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Timing the SARS-CoV-2 index case in Hubei province

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Science  18 Mar 2021:
eabf8003
DOI: 10.1126/science.abf8003

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Abstract

Understanding when SARS-CoV-2 emerged is critical to evaluating our current approach to monitoring novel zoonotic pathogens and understanding the failure of early containment and mitigation efforts for COVID-19. We employed a coalescent framework to combine retrospective molecular clock inference with forward epidemiological simulations to determine how long SARS-CoV-2 could have circulated prior to the time of the most recent common ancestor. Our results define the period between mid-October and mid-November 2019 as the plausible interval when the first case of SARS-CoV-2 emerged in Hubei province. By characterizing the likely dynamics of the virus before it was discovered, we show that over two-thirds of SARS-CoV-2-like zoonotic events would be self-limited, dying out without igniting a pandemic. Our findings highlight the shortcomings of zoonosis surveillance approaches for detecting highly contagious pathogens with moderate mortality rates.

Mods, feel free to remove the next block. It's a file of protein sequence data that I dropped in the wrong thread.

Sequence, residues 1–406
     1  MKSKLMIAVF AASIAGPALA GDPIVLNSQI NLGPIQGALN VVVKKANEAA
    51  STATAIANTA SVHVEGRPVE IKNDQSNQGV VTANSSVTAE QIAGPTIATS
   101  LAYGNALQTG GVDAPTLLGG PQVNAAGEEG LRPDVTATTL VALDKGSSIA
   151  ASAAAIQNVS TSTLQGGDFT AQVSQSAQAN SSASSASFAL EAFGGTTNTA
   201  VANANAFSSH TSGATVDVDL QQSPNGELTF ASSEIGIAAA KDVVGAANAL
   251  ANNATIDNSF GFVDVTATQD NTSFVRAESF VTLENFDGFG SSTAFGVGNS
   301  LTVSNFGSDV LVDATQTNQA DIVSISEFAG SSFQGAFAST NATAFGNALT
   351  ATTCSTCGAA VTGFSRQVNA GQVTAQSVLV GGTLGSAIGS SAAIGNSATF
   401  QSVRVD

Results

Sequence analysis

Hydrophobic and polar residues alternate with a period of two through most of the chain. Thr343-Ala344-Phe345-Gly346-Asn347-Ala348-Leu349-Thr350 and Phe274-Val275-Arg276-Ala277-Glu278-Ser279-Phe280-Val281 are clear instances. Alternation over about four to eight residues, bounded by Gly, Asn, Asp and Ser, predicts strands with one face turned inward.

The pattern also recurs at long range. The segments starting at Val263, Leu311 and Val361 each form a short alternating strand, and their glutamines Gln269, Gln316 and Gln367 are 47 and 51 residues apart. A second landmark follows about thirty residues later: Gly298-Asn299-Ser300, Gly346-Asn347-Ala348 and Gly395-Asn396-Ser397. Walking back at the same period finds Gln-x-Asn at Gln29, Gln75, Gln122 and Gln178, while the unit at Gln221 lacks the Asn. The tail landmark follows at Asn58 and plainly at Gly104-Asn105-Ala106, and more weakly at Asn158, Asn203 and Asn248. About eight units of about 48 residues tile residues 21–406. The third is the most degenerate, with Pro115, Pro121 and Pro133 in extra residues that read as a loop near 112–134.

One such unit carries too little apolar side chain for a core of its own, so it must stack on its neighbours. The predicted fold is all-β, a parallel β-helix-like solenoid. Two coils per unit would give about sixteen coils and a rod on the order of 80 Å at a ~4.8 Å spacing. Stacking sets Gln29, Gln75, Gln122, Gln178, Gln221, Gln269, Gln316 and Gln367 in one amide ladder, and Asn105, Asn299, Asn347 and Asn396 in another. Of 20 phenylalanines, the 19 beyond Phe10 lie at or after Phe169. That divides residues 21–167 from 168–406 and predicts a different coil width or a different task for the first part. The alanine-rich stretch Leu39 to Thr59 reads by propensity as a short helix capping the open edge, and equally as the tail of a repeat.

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This is an open-access article distributed under the terms of the Creative Commons Attribution license, which permits unrestricted use, distribution, and reproduction in any medium, provided the original work is properly cited.

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